- Geometric Progression – the sequence is built to progress in a geometric, pyramidal manner, and each shape should be precise, meaning a big emphasis is placed on correct form in poses.
- Tongue Connection – during the practice of yoga poses, you will be instructed to place the tongue at one of the three energy points inside the mouth. It is believed this practice will give you a more powerful experience and help improve your focus.
Kemetic yoga focuses on rejuvenating and healing the body, rather than only developing muscles and flexibility. That means it is more important to control your breath and ease yourself into each pose rather than forcing anything. For this reason, there is a correct order used to come in and out of the pose, which is in tune with your anatomy. With time, this way of practice can help improve your posture and correct any imbalances in the body.
Check out these follow-along videos if you can’t make it to a Kemetic Yoga studio or want to try it out at home.
Self-Love Kemetic (Egyptian) Yoga for beginners | Resting and Rising Ritual
Kemetic Yoga for Beginners | Live Without Fear
Smooth & Restorative | 20 Minute Kemetic Yoga Flow
Kemetic yoga is primarily a regenerative practice. The primary focus is activating the parasympathetic system to help students heal their own bodies and minds. The physical postures of Kemetic yoga help to correct alignment in the spine and correct any obstructions or imbalances in the body.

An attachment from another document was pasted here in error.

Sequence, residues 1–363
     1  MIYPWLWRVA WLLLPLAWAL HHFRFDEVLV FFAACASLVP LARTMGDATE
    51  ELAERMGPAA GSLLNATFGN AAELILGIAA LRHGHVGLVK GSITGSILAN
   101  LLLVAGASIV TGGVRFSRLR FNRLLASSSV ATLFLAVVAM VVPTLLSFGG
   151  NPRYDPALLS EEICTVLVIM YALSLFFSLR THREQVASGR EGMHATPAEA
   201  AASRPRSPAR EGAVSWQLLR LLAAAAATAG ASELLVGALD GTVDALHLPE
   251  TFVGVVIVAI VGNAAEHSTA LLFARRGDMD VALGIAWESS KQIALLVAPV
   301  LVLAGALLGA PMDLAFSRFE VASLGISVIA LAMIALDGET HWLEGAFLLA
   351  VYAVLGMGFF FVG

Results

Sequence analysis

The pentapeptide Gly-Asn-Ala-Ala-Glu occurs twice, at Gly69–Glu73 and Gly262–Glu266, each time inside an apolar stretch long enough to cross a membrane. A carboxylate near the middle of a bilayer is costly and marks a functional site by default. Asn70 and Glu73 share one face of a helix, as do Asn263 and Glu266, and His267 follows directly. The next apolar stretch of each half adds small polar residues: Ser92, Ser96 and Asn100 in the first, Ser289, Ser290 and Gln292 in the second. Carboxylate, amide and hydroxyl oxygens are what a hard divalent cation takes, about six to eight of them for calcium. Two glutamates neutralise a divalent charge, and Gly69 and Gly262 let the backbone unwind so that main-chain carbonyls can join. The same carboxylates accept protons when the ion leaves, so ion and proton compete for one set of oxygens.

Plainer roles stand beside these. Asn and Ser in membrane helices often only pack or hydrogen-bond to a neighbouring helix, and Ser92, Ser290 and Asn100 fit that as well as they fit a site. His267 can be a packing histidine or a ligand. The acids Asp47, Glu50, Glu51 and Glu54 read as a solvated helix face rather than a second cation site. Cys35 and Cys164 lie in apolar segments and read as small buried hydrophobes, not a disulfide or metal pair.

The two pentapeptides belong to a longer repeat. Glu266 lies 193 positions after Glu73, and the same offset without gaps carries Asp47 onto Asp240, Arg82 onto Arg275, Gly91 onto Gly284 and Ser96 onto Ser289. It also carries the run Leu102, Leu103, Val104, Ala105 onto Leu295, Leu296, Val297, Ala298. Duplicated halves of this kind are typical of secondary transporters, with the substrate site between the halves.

Additionally, this yoga style focuses on the movement of the vital energy through the body, which may help one connect with their true self and the divine.
Researchers believe Kemetic practice predates yoga, which originated in the Indus Valley around 3300BCE. It is estimated Egyptians had their own system that included stretching and meditation more than 10,000 years ago. Like Indian yoga, Kemetic yoga focused on using the breath to open the energy channels within the body and reach enlightenment. The modern Kemetic yoga practice you see in studios today was developed in the 20th century.
Some research suggests yoga has roots in Egypt. Their main argument is ancient illustrations of similar physical postures depicted on temple walls, which are more than 10,000 years old. Although it is certain some type of physical and spiritual practice akin to yoga did exist in Egypt at the time, it is not proven it is actually related to Indian yoga. It is difficult to trace a certain historical link between the two, and it is likely the two practices are only similar but do not have the same origin.
Important: Check with your doctor before trying Kemetic Yoga for the first time if you have any type of injury, illness, pain, or you are pregnant.